11. Neurosis Neurosis is a form of a mental illness where one that is affected has trouble coping with day to day problems and suffers from severe unease and obsession.

  12. Neurosis: Self Theory • Someone with a healthy view of themselves is able to access their full potential. • Tyranny of the Shoulds • Neurotic’s view of self is split into the ideal and the abhorred. • When someone feels they are lacking in some aspect of their life, they create a perfect view of themselves, that is not attainable. • When someone feels hated by those around them, they believe that the characteristics that make them hated, are the same ones that make up their true self. • This person is neurotic because they are constantly alternating between the two “selves”. • Since this neurotic does not have a healthy self image, they cannot realize their full potential.

  13. Neurosis: Neurotic Needs Horney’s 10 neurotic needs are as follows: Affection Dominant partners Power Exploitation of others Social recognition Admiration Personal success Perfection Self-sufficiency Narrow one’s opportunities in life. • The child’s perception of a relationship is responsible for neurosis in adulthood. • Neurotic needs are solutions to basic anxieties, abandonment and loneliness.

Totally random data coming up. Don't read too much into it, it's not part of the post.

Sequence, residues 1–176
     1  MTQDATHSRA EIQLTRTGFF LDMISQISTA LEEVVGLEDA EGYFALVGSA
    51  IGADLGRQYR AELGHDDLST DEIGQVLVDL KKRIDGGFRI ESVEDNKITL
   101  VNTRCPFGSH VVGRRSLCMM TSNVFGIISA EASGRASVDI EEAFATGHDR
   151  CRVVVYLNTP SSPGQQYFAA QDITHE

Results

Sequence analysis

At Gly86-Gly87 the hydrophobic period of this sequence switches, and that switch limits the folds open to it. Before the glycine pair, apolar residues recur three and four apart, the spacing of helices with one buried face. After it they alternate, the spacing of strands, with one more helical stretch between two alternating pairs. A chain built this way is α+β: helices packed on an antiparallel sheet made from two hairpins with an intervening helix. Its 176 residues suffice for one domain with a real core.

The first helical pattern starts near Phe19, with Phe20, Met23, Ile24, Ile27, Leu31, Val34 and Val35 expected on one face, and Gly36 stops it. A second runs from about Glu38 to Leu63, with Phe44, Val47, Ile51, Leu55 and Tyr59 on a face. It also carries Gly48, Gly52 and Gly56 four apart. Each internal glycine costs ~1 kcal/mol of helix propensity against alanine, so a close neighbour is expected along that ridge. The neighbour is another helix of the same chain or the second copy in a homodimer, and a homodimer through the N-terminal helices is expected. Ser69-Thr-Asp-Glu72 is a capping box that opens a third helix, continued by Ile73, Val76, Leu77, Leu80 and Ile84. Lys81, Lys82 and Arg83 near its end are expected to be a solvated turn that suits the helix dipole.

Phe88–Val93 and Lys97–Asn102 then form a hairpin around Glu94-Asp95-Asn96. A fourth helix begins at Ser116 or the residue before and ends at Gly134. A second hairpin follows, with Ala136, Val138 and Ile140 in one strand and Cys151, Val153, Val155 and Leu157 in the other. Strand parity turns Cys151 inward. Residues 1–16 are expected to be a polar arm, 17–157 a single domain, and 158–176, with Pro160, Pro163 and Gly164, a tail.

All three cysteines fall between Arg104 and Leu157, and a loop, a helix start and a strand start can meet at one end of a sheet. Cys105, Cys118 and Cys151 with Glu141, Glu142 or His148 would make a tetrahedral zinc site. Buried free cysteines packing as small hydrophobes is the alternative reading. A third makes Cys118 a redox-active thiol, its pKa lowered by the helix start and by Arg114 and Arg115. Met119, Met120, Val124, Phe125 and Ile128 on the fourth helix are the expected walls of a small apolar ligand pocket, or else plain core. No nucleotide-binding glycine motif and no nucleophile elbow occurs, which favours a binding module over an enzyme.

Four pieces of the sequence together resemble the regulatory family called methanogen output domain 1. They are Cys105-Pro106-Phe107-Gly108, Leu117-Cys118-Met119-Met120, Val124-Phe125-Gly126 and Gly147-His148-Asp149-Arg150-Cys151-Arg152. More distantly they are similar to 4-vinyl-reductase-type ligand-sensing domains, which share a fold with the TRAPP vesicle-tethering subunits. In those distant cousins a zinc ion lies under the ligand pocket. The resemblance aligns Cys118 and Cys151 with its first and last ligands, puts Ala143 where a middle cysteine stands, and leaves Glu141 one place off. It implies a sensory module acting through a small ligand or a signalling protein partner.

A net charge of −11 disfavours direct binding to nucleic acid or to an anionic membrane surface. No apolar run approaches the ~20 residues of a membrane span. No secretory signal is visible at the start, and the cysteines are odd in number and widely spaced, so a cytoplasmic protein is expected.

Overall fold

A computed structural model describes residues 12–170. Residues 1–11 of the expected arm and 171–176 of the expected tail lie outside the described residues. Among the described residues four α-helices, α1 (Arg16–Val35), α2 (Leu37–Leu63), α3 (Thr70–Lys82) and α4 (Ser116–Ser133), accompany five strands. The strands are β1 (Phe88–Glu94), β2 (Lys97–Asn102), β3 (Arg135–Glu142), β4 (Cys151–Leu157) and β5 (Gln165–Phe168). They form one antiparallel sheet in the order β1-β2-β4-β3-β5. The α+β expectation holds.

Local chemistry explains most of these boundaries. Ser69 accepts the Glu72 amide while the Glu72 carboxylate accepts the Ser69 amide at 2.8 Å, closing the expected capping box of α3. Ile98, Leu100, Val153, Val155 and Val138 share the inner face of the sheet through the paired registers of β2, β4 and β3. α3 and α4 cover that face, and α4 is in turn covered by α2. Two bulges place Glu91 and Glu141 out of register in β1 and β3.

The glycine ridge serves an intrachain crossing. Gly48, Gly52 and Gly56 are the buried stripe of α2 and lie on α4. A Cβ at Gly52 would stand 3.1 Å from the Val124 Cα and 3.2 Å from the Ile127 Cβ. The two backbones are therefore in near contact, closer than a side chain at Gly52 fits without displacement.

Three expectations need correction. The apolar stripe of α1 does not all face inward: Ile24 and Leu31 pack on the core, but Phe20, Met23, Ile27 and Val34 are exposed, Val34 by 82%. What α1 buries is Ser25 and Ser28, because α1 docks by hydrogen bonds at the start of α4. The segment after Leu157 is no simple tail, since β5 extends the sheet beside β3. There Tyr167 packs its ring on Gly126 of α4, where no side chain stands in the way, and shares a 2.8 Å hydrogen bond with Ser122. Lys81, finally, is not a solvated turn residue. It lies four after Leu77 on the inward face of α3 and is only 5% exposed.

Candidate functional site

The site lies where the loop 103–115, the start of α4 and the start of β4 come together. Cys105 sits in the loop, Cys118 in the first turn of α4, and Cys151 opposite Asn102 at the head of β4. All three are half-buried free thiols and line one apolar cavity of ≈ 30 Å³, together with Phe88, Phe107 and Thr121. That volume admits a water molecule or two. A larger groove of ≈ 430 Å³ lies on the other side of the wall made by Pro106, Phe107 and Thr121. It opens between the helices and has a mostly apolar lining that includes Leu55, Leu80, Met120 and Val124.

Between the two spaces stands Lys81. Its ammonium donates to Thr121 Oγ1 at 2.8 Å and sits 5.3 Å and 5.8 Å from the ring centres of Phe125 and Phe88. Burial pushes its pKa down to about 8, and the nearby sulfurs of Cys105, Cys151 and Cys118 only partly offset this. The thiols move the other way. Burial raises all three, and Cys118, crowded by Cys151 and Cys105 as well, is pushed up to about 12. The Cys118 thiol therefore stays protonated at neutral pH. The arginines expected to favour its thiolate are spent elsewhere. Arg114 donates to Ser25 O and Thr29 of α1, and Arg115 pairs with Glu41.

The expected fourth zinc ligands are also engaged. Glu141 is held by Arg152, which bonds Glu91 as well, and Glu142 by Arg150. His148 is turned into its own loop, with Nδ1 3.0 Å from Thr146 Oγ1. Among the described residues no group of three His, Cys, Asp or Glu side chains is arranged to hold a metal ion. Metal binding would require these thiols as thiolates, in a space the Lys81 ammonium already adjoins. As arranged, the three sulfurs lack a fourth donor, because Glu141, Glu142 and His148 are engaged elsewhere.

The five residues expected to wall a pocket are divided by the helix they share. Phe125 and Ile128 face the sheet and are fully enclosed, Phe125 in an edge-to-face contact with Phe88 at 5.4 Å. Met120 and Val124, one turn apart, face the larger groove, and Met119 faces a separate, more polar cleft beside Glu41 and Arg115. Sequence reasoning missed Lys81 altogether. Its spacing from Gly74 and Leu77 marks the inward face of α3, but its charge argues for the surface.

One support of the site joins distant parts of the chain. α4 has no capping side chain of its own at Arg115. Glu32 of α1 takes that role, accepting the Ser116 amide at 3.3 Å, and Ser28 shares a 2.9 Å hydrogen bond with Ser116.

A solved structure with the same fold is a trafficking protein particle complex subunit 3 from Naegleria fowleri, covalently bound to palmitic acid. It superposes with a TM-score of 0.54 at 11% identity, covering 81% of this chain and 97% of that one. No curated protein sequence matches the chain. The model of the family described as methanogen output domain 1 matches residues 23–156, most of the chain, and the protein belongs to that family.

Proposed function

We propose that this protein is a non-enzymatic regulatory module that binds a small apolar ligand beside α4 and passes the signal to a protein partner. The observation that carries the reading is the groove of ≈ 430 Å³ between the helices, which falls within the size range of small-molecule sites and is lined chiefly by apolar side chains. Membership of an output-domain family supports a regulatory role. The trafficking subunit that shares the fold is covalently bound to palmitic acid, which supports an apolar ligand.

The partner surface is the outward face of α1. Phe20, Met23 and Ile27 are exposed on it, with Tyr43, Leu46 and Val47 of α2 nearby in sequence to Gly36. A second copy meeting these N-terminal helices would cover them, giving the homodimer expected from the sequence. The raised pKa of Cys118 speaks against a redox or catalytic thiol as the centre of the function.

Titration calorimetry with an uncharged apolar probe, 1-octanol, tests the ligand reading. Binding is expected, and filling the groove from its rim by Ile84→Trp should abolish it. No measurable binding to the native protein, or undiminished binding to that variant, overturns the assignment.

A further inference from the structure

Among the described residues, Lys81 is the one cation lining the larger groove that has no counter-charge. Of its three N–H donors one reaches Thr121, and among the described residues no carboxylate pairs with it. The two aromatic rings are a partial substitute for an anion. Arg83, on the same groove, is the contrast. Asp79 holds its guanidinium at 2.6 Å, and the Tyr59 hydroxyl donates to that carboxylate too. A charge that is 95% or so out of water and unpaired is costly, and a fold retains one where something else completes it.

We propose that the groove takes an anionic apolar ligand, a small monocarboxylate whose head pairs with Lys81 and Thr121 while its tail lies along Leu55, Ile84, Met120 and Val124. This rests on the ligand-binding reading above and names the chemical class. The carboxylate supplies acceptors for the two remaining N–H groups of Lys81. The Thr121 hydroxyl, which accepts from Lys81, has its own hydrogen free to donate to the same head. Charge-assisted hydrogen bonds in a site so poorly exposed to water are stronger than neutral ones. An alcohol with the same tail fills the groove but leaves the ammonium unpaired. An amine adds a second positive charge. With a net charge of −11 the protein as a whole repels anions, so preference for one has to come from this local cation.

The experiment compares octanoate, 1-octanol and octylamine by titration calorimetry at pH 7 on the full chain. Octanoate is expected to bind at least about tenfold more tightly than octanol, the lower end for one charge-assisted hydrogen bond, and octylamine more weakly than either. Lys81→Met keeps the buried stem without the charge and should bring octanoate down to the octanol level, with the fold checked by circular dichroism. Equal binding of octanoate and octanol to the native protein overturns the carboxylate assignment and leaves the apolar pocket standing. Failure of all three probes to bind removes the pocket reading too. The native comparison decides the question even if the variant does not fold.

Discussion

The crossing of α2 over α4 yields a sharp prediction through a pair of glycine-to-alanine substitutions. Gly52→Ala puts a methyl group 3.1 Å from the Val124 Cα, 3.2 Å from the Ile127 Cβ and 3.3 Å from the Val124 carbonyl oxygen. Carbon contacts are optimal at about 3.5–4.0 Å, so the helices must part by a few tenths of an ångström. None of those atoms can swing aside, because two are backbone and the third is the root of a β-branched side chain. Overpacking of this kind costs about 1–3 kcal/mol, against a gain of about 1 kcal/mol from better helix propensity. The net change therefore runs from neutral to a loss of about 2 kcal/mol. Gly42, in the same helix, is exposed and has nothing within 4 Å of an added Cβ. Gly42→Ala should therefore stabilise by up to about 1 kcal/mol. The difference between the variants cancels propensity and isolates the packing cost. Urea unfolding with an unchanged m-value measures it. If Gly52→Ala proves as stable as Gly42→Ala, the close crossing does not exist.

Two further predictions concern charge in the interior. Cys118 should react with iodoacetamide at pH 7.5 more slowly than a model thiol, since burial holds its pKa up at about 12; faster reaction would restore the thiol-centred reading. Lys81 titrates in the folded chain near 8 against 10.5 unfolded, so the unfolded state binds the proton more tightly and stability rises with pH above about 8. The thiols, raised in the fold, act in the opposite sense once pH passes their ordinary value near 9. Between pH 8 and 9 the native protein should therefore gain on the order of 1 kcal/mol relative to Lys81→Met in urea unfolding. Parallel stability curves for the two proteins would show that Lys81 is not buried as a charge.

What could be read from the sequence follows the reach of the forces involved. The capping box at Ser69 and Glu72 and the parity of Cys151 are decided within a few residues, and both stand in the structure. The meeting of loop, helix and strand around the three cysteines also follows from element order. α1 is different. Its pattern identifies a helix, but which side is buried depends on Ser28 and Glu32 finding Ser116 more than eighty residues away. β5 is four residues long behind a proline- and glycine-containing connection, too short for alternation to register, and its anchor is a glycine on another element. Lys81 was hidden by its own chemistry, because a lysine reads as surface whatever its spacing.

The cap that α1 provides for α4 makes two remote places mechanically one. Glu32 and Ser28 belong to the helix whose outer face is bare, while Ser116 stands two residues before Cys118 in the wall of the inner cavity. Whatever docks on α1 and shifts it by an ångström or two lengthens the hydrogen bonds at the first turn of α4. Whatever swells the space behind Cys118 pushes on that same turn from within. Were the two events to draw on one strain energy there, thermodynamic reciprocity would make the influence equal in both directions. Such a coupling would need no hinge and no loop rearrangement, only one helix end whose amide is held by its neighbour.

14. Neurosis: Neurotic Needs Horney’s Neurotic Needs are Divided into 3 Behaviours and Attitudes • Compliant Personality • Aggressive Personality • Detached Personality

  15. Neurosis: Neurotic NeedsCompliant Personality Most children use this attitude in an attempt to regain parental affection and attention. Need for affection and a dominant partner. Compliant personalities will make themselves appear inviting and pleasant in order to win the approval of others. In the event a compliant personality fears the loss of a dominant partner, they will manipulate the partner in order to make themselves look appealing. “’Look at me. I am so weak and helpless that you must protect and love me.’” –Karen Horney

  16. Neurosis: Neurotic NeedsAggressive Personality Reaction to parental indifference is hostility. Need for power, exploitation, social recognition, admiration, and personal success. When aggressive personalities thrive in several aspects of their life, they receive affirmation of respect and that they are important through others.

  17. Neurosis: Neurotic Needs Detached Personality • When neither aggression, nor compliance work to eliminate basic anxiety, a neurotic will become detached with society. • Need for perfection, self-sufficiency, and small life. • Detached personalities value privacy about all else out of fear of being rejected if they expressed their true selves. • Detached personalities don’t want to be restrained by any form of guidelines.

  18. Neurosis: Neurotic Needs • Horney’s ten needs are seen to varying degrees in every person. • A neurotic person will make these needs central to their behaviour, personality, and how they appear to others. • The need to ensure these needs are constantly being met is imperative to the ability of the neurotic to live happily.

  19. Significance and Important Contributions • Mother of feminine psychology. • 14 works on feminine psychology written between 1922 and 1937 compiled in book. • First woman to present paper on feminine psychology at an international conference held by Sigmund Freud. • One of first social scientists to challenge Freud’s androcentric view of society. • Views on neurosis are preeminent in comparison to other views.

  20. Thank you